Tuesday, August 24, 2010

An ecological experiment with bamboo and pop bottles

Please carry us” shouted the women to the bus driver that went slowly past us heading up the dusty unpaved road. The laughter filled the air even as it looked like the driver wasn't going to let us on but then he signalled us to climb on through the back door. The ten of us piled on, amidst “god bless you” and numerous jokes about how he would be a good husband. Solidarity on the normal buses is ever present and they always let you travel for less than the official price and sometimes when near the end of the line, they let you ride for free.... all ten of us.

Meanwhile the Transmillenium bus system, the multimillion dollar transport system never lets you on for less than the official price, imposing an altogether different culture of 'rights for those who can pay'. Several students have been run over and killed this year alone as they didn't have the money to pass through the barriers so instead tried to jump through the bus access doors. Students poured out of colleges on mass blocking the bus routes and demanding that a student price be introduced so that the city's poor students don't have to choose between eating, transport or risking their life. The response was the riot police but the political space seems to have been created for the debate.

Back to our day out. We scrambled excitedly out of the bus at the end of the line and headed toward the plot of land. It is a plot right on the edge of the city, you only see fields and trees and most importantly you only breathe clean air, high up in the mountains above the smog level.

Wilson, a young lad from the organisation “Jovenes Proponen” -Youth Propose – from Ciudad Bolivar explains the project to us. “We want to have a place where young people can come and learn new skills, choose a different route in life to joining gangs and learn about the relationship between humans and our environment and how this capitalist way of building is destroying our environment, our home

They are building a education centre out of guadua, clay mixed with horse shit and plastic bottles filled with plastic bags. Seven thousand plastic bottles roughly. The women from Paraiso got excited and inspired “so many of us had to work so hard to buy the bricks for our house, they are so expensive. If only we had known about another way to build.....”. They offered immediately, only to happy to help, to collect bottles to contribute to the project,

Local neighbours have been inspired by the project and have got involved, coming down to help with work in their free time. They proudly tell us how they have planted peas, potatos, peppers and lettuces and about their irrigation system, again using plastic bottles. In return the women from Paraiso introduced themselves and shared their thoughs:

I like to be nosy and find out what is happening in other places, but not to be nosy for the sake of it but to learn new things. I am very happy to be here today” says Elvira

For me it is very important that people are building again with bamboo and clay. That's how they build in my region. And it is a great idea to use the rubbish from this city so we don't have to exploit more natural resources” says Carmen

It brings back memories being here, where I come from we used bamboo a lot. We used it to carry water in, and I use to hide avocados inside them” says Gratiniano. I didn't find out quite who he hid the avocados from.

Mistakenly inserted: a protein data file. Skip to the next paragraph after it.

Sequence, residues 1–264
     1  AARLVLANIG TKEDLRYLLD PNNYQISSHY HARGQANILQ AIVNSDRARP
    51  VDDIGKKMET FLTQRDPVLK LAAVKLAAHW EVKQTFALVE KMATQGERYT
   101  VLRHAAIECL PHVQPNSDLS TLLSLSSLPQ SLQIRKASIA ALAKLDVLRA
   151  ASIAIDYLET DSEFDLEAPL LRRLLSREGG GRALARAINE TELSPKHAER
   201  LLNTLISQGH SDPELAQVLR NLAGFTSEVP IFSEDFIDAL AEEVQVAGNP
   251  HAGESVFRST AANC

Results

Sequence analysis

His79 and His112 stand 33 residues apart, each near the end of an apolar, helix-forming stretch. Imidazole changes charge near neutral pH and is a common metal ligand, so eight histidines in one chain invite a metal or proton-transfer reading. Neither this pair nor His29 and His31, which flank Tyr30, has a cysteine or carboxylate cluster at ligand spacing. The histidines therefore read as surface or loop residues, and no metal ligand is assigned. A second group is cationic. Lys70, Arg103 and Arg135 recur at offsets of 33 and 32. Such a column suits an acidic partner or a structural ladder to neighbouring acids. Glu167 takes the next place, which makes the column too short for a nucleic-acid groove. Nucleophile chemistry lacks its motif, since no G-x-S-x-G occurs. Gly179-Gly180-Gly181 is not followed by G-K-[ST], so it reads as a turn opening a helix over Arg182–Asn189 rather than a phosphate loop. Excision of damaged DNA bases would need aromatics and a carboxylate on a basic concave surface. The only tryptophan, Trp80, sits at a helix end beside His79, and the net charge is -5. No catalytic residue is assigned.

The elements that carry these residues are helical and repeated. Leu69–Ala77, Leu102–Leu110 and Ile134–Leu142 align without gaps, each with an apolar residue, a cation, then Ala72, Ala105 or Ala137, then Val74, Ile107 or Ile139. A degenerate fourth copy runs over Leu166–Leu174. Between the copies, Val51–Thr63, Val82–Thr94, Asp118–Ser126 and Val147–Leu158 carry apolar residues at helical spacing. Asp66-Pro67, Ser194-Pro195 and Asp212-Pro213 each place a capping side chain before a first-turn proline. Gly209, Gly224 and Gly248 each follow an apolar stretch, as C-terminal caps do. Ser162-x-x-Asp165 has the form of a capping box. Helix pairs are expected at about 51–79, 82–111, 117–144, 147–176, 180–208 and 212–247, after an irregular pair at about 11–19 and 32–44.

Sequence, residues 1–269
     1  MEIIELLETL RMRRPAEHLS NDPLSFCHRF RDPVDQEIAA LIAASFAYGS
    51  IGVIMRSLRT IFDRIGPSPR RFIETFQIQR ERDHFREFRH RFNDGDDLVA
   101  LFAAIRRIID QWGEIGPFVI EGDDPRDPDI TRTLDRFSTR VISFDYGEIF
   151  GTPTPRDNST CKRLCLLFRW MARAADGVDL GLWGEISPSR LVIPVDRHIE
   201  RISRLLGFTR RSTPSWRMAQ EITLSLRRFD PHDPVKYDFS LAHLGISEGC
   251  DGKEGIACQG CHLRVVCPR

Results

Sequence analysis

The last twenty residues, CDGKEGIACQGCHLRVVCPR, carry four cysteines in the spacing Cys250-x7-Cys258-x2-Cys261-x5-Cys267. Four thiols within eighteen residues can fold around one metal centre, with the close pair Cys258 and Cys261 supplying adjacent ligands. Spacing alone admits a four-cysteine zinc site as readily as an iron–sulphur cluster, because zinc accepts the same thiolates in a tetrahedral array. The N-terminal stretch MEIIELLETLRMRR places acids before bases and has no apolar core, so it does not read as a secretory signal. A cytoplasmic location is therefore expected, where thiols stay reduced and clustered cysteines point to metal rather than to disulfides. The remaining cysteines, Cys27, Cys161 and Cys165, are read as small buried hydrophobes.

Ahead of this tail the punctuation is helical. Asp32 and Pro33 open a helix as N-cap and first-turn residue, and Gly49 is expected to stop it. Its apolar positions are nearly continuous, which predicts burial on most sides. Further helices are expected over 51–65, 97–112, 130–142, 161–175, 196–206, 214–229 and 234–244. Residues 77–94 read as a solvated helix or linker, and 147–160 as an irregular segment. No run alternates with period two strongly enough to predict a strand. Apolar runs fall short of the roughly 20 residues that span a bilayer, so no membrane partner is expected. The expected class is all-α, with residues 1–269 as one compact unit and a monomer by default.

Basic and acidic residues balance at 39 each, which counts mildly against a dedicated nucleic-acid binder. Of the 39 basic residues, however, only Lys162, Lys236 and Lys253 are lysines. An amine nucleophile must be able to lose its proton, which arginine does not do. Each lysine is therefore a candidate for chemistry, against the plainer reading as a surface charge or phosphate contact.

Maria presents the women's project “We are a smallish but solid and determined group of women from Paraiso who want to organise ourselves so that we don't keep being exploited. We have a small allotment where we have strawberries and peas and arachacha planted and also we have a wormery so that we can make good compost from our waste products. If you wanted to come and visit us one day it would be good. So we can continue sharing experiences of how to produce food. Also it would be wonderful if we could come here and begin to cultivate some of the unused land around this plot.”

The land around the plot belongs to either Victor Caranza or Forrero Fetequa, we aren't sure which but we are sure that they are both part of Colombia's landowning class.

Colombia has one of the most unequal land distributions in the world, achieved through violent dispossession of the lands and wealth of first indigenous peoples and now also of peasant farmers and afro-colombian communities. At the end of 2009 there were up to 4.9 million internally displaced people (IDP) in Colombia, bringing it alongside Sudan as one of the two largest internal displacement situations in the world. In 2009 alone there was a reported 290,000 people displaced. This massive displacement has resulted in over 6 million hectares of productive land being abandoned by campesinos.

The current Internal Displacement Situation situation has to be seen in the context of a historical movement of expansion by the land-owning elites, an agrarian and structural problem, complicated and compounded since the 1970s by drug-trafficking and the presence of large international corporations.” [1]

Using this land above the urbanised part of Ciudad Bolivar for growing food on would definately ease the problem of hunger but the land is earmarked as part of the Mining Industry Park, which will not ease problems of hunger.

As we walked back to El Paraiso the women commented to me how many of the houses, built from tin, plastic and wood, that we passed on our way home were not their a year ago. Signs of displaced peasant farmers trying to find a patch of land where no one will violently kick them off.

[1] Internal Displacement Monitoring Centre


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